Looking Back: Langley City’s status could have been changed to ‘town’ in 1968

History from the pages of the Langley Advance which started publishing in 1931.

Eighty Years Ago

March 10, 1938

  • A proposed new junior secondary school was shelved without a vote.
  • The first week in July was chosen for a Langley Agricultural Association flower show.

Seventy Years Ago

March 11, 1948

  • A seven-lane bowling alley, expected to cost $20,000, was to be built next to the Standard Oil Co. premises on Fraser Highway.
  • Eric Flowerdew, H. Williams, and H. Fast were elected directors of the Otter Storage Co-op Ass’n.

Sixty Years Ago

March 13, 1958

  • Customs broker George Rammell protested to the Aldergrove Chamber of Commerce that the U.S. immigration officials’ proposed gate at the Highway 13 port would be locked at midnight. He said the move would hamper Aldergrove’s efforts to secure a 24-hour port.
  • Langley City’s second test well at Bell and Belmont Roads (36th Avenue and 204th Street) came up dry at 138 feet.

Fifty Years Ago

March 14, 1968

  • City council approved a Ministry of Municipal Affairs offer to change Langley City’s status from a “city” to a “town.” A public hearing was set to discuss the proposal. The ministry offered to implement the change quickly, upon successful completion of a plebiscite.
  • City council set aside $13,750 to repave Carvolth Road (200th Street).

Forty Years Ago

March 15, 1978

  • Jackman Road (272nd Street) residents complained to council that they were forced to haul their water in jerry cans because their well had been polluted by a nearby feedlot.
  • City council asked for bids on a proposal for a par 3 golf course under the BC Hydro power lines.
  • Construction of a new hall at St. Joseph’s Roman Catholic Church began with a sod-turning ceremony.
  • Langley City’s garbage dump was expected to be filled to capacity within a month.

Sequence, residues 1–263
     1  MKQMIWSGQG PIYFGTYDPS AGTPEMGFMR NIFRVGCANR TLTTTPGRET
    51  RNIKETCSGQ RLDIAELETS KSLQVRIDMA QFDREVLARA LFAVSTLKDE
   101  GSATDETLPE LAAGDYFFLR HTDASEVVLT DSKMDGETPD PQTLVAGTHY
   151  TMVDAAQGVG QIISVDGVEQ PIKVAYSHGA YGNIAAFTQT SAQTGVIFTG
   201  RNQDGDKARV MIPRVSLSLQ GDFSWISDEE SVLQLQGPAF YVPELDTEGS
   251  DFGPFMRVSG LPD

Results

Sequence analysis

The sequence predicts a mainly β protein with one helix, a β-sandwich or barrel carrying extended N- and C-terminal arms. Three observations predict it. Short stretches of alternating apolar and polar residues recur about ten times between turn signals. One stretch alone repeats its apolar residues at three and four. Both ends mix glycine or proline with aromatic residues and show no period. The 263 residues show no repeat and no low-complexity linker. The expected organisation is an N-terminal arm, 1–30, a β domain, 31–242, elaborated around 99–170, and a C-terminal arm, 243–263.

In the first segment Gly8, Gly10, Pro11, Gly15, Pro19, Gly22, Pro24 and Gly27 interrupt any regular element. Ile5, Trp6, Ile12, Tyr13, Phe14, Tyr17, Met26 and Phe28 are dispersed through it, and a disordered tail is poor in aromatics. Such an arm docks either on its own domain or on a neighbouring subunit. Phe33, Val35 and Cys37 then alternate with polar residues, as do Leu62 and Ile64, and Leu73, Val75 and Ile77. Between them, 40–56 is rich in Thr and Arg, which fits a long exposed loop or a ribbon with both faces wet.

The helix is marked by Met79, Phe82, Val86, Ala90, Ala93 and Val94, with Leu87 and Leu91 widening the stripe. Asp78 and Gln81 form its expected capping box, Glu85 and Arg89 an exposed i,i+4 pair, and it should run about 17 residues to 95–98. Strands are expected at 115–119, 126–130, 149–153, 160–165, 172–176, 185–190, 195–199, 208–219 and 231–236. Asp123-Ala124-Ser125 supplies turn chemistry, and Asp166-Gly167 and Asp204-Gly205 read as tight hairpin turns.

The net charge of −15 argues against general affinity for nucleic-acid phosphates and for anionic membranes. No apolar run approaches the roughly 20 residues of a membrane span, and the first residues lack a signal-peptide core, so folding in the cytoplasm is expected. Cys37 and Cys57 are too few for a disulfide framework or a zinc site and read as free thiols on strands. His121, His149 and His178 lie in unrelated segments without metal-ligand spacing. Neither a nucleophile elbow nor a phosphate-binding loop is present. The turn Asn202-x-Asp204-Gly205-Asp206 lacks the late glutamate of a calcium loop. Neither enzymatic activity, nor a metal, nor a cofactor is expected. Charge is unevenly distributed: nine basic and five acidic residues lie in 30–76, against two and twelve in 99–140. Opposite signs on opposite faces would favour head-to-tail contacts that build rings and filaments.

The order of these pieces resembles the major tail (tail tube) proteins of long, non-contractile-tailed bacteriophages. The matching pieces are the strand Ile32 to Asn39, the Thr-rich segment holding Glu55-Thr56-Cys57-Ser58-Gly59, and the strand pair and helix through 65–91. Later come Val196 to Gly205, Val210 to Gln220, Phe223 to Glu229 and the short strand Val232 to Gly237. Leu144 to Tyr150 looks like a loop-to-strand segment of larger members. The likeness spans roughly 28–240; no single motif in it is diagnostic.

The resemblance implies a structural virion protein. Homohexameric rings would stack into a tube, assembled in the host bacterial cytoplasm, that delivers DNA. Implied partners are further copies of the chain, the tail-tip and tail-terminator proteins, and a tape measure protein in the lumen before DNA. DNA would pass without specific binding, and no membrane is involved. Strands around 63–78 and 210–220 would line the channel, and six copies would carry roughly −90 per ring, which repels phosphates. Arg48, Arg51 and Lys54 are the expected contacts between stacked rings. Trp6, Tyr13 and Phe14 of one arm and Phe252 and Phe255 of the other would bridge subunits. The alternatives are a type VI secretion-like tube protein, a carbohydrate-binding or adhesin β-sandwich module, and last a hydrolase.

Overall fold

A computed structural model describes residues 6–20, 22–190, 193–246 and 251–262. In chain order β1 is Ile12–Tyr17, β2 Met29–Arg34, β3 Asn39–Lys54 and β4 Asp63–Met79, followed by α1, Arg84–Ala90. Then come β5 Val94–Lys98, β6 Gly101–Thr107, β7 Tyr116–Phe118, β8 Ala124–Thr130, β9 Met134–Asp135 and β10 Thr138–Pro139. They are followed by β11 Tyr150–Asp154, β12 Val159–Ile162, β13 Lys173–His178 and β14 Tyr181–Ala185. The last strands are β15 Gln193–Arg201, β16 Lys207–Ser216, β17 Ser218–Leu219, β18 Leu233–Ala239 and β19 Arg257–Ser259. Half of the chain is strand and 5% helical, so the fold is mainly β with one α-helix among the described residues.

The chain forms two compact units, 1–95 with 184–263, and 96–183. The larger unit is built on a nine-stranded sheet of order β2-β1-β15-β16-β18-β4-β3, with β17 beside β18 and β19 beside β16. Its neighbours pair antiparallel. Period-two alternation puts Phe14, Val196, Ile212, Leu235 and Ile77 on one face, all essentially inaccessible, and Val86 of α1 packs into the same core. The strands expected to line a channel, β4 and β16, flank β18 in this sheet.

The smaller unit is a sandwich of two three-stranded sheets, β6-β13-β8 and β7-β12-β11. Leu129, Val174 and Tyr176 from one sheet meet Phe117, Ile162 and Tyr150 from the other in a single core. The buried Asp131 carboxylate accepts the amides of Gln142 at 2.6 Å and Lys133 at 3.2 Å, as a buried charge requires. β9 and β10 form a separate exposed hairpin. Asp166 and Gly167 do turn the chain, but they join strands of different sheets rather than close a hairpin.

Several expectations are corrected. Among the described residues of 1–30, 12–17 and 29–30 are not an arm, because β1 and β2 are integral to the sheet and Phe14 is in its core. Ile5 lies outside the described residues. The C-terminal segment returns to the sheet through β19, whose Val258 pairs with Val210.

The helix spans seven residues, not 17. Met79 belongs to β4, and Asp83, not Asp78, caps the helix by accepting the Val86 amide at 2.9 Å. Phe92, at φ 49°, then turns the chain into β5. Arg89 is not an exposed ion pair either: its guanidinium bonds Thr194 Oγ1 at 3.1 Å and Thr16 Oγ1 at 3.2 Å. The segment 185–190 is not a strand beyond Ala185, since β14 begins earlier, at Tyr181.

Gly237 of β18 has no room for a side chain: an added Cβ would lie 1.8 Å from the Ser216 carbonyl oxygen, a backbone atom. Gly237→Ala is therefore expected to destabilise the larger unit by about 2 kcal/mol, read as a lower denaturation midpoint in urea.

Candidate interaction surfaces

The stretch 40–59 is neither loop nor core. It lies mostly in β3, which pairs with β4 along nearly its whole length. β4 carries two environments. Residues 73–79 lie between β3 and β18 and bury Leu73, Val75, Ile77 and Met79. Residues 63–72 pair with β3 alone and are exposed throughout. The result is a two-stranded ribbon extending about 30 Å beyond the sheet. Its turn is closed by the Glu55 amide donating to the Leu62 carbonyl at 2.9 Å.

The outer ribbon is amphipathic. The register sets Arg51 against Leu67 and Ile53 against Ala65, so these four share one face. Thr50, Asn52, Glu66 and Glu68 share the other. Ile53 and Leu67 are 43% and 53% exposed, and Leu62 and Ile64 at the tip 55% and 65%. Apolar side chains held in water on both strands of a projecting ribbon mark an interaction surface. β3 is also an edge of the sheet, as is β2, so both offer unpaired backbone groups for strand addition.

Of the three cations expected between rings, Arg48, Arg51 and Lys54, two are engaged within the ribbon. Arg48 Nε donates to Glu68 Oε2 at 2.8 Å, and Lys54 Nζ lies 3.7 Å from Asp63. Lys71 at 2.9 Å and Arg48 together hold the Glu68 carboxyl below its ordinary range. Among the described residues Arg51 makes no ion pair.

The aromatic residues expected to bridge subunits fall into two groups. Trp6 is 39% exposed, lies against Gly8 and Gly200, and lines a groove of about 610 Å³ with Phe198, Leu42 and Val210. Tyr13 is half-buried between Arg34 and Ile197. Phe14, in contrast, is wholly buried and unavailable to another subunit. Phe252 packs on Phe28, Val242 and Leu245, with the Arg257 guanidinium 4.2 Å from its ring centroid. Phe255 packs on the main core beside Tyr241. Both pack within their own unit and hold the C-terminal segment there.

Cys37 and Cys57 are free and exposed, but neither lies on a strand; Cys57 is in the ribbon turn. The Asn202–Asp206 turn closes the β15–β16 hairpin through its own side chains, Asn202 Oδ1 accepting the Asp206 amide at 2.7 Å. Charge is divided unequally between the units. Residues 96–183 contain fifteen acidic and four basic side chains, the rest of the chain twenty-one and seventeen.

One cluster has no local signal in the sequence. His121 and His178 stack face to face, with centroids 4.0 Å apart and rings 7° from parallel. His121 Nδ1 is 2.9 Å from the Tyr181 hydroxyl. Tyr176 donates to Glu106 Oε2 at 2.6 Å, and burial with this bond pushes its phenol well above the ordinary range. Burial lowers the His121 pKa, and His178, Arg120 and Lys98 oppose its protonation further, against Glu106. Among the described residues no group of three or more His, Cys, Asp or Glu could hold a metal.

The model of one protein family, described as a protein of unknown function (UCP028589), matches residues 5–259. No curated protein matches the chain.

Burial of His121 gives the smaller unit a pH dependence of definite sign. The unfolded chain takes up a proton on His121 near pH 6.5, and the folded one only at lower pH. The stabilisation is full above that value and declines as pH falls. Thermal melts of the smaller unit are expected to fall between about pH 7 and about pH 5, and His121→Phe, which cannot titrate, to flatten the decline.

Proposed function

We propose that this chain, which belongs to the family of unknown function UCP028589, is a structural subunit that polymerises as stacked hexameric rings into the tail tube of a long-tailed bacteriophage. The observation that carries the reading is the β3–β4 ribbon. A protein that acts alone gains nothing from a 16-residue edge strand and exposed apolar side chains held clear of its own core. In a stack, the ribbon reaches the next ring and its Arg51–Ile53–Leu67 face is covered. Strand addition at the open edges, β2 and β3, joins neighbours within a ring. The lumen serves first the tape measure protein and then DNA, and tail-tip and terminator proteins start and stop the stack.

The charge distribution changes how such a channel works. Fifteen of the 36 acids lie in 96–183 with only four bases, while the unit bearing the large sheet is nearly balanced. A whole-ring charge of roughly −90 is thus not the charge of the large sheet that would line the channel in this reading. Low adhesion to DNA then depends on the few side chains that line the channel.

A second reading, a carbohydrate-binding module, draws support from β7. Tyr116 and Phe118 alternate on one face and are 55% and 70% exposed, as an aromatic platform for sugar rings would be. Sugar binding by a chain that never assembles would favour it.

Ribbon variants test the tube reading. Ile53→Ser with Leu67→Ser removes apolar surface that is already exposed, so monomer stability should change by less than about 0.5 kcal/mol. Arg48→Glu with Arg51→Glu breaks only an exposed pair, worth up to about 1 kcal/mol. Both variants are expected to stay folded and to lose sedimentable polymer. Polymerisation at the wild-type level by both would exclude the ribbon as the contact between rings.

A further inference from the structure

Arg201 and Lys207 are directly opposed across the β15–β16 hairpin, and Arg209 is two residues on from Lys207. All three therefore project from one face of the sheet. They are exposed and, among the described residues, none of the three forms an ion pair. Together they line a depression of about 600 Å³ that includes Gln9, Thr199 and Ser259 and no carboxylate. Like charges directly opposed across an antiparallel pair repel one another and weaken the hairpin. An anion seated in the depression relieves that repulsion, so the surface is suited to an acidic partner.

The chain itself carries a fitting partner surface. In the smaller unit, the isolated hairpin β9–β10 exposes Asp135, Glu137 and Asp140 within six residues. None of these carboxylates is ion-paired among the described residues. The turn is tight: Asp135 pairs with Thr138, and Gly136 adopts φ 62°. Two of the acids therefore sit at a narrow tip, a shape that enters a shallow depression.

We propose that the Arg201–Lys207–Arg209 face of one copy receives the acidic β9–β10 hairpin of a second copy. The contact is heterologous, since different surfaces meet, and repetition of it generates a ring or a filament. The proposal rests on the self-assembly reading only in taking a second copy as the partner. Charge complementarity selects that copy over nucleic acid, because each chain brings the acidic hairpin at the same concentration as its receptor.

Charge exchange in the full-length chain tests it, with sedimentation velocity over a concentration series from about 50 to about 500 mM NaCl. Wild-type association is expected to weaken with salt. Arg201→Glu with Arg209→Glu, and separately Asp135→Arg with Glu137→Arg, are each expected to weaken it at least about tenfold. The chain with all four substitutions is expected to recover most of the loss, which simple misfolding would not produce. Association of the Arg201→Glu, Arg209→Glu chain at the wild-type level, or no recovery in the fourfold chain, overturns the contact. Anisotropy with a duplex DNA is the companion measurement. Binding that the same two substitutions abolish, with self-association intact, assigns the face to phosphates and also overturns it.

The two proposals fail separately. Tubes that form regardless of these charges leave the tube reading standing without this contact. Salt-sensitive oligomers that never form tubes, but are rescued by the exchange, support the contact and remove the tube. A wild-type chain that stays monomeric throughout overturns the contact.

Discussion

Thirty Years Ago

March 9, 1988

  • A corporate fund-raising campaign was kicked off to raise $1 million in the community for medical equipment for Langley Memorial Hospital’s $19-million expansion.
  • School taxes in Langley were going up as a result of the provincial government’s injection of $3.2 million in “fiscal framework” funds.

Twenty Years Ago

March 13, 1998

  • Money’s Mushrooms was fined $100,000 and given 18 months to shut down the composting operation that had neighbours up in arms. Opponents of the operation, however, felt the punishment was too light, compared to the stench they were putting up with.
  • A Langley teacher charged with sexually exploiting and interfering with four of his female students was completely exonerated in court. The judge questioned the credibility – and the honesty – of the four accusers, and said there wasn’t even enough evidence to back any suspicion against the teacher. The judge characterized as “disgraceful” the school board’s slow reaction to the initial complaints, which were relayed to the RCMP a month after they were lodged.
  • A renewed effort was launched to free Langley’s Christine Lamont from her Brazilian captivity. Lamont was to have been released at Christmas, but Brazilian authorities reversed their decision. Lamont and her finance David Spencer were imprisoned for their part in a kidnapping in Brazil. Initially sentenced to eight years in jail, their terms were extended when they appealed their convictions. They had now served about eight years.

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